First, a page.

Tuesday, October 25, 2005

questions on scaffolding and affordances

First, I am pretty enthralled with this metaphor of scaffolding. Wittgenstein develops it in his On Certainty, but, if memory serves, he treats scaffolding as inherently faulty--the very reason he worries about his ability to know truths, like is there a God. Clark applies the metaphor to our leaky minds and the external structures we build in order to function. Scaffolding is an enabler rather than impediment. But in a spooky and interesting way, these two uses of scaffolding are more similar than different, depending on one's mood. A glass half empty/half full sorta thing. Wittgenstein's text, like Descartes', is also a first-person reflection on the nature of thought and being. Did The Embodied Mind mention Wittgenstein? Think so, but can't remember.

Second, this entire book seems to be all about affordances. The human mind functions the way it does because of its ability to use the world as a "wealth" of affordances. I liked how this work expands the notion of affordances to social knowledge, language, culture, rather than just physical objects in an environment (a tree available for climbing). In another class, I'm working on a research project about women recovering the rhetorical tradition from a history that excluded them. Most credit the advent of post structuralism with allowing this project to even start. So, post structural theory can be an affordance? So, schemas function as affordances? I worry that I may be misapplying the term. It seems if one stretches this concept too far, it loses its power.

Thirdly, I struggled to grasp the way the author reconciles models of computational with the enactive, connectionist brain as "associative engine." I also had a hard time understanding how we rely upon symbolic processing for certain things, like advanced cognition. For Clark, like for Varela, et al., this is a layer "above" the coupling stuff happening below. So, what does Clarks's discussion add to Varela's (the is a real question, not a rhetorical one...I want someone to tell me so I don't have to reread).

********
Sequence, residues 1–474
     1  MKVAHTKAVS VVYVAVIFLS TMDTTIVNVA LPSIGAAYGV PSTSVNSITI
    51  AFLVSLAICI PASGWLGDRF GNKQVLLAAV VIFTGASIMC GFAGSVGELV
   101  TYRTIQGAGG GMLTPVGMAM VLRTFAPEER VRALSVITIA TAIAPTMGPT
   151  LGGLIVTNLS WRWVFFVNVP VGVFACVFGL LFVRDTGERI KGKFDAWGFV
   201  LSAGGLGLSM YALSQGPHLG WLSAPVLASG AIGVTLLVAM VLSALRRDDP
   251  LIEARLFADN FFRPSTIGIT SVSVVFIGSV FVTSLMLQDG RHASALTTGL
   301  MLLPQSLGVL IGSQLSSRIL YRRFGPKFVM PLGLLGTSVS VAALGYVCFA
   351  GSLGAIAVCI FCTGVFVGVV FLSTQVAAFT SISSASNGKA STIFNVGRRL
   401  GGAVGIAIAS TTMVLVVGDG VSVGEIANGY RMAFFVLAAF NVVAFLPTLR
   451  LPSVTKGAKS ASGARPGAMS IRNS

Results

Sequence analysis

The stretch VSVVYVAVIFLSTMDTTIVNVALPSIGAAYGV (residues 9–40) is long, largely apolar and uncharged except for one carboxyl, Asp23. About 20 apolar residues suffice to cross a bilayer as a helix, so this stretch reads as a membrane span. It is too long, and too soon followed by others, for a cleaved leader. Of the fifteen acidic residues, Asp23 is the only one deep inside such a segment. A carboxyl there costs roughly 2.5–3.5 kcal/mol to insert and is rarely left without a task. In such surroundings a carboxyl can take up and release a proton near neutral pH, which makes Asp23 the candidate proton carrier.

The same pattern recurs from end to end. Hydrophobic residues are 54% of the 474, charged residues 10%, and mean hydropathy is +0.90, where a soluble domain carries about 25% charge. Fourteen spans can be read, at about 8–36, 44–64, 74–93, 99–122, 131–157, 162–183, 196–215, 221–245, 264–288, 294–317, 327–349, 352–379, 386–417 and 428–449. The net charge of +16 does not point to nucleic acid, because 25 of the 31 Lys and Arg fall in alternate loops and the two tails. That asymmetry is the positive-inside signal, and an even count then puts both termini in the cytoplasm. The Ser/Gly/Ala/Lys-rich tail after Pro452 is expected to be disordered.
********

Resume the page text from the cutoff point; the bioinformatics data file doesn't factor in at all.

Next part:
Unrelated aside: I focused mostly on the first four and last two chapters to get at this text. Otherwise, the concepts tended to blur and overwhelm. I felt like Otto in A Fish Called Wanda ("what was that middle part?").


Blogger Jim said...

I don't think you're stretching the idea of scaffolding/affordances too much (what's the difference between the two? we should talk about this). It seems like new historicism could also be "scaffolding" for opening up the conversation about women in rhetorical theory. Either way, new modes of thinking enabled/were enabled by thinkers to start working through an issue that "wasn't there" before.

8:22 AM  
Blogger Anthony M. said...

Your first point reminds me of the story Socrates tells in the Phaedrus, about the invention of writing. Writing is a really old fashioned external cognitive scafolding. In Socrates' story, the guy/god who invents writing (Theuth?), like Clark, thinks it'll be a great help to the human mind. The king (Thamus?), like Wittgenstein, says it will screw us up.... ok...

I also like the idea that theory (post-y or otherwise) is an affordance. It doesn't seem like a stretch at all since, at least in Clark's definition, an affordance can be "an opportunity for...interaction which some... state of affairs presents to a certain kind of agent" (172).

1:02 PM  
Blogger IB said...

mdl, I liked the questions you raised! I cannot reply to your first question since I am not very familiar with Wittgenstein. But in reply to your second topic: I think you are not stretching the concept of affordances too far. As long as a certain cultural schema or a word for a concept does not exist, the individual mind cannot make use of it. A kind of cycle seems to open up now that I am writing this. In terms of Fleck and Wenger, the schema or the words to express a certain concept evolve through interactions between individuals and between individuals and the world. Once they exist, the individual mind can use them as an affordance and they form the basis for further interactions and development of new schemas and words.

As to your third part, you confused me a little bit. The way I understood it, is that coupling takes place above other processes and not the other way around. It seems that I, too, have not quite understood how Clark fits both computational and embodied/enactive processes into the picture.

3:34 PM  

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